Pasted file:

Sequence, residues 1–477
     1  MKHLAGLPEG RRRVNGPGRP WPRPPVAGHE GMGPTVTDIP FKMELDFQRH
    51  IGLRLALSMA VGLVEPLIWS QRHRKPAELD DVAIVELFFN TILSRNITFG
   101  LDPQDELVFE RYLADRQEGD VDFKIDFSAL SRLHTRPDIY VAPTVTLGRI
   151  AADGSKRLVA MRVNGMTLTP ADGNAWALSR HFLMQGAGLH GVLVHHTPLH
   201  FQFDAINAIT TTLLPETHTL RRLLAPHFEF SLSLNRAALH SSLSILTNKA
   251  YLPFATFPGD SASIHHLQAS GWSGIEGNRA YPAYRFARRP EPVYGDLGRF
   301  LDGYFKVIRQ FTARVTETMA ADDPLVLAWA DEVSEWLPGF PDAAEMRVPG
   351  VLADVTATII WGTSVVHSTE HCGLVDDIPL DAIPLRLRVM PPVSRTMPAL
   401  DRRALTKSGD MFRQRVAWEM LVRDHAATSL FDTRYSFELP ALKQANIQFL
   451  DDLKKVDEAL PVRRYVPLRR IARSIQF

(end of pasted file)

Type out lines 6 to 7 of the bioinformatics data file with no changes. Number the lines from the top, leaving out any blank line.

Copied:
   201  FQFDAINAIT TTLLPETHTL RRLLAPHFEF SLSLNRAALH SSLSILTNKA
   251  YLPFATFPGD SASIHHLQAS GWSGIEGNRA YPAYRFARRP EPVYGDLGRF